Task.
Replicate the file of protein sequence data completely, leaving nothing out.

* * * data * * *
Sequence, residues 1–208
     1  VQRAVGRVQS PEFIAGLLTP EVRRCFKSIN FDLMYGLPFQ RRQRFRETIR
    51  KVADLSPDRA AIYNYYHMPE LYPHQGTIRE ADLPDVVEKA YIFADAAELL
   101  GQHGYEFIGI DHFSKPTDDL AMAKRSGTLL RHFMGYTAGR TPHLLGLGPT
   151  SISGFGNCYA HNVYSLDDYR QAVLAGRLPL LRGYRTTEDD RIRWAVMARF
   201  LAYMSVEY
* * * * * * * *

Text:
Sequence, residues 1–208
     1  VQRAVGRVQS PEFIAGLLTP EVRRCFKSIN FDLMYGLPFQ RRQRFRETIR
    51  KVADLSPDRA AIYNYYHMPE LYPHQGTIRE ADLPDVVEKA YIFADAAELL
   101  GQHGYEFIGI DHFSKPTDDL AMAKRSGTLL RHFMGYTAGR TPHLLGLGPT
   151  SISGFGNCYA HNVYSLDDYR QAVLAGRLPL LRGYRTTEDD RIRWAVMARF
   201  LAYMSVEY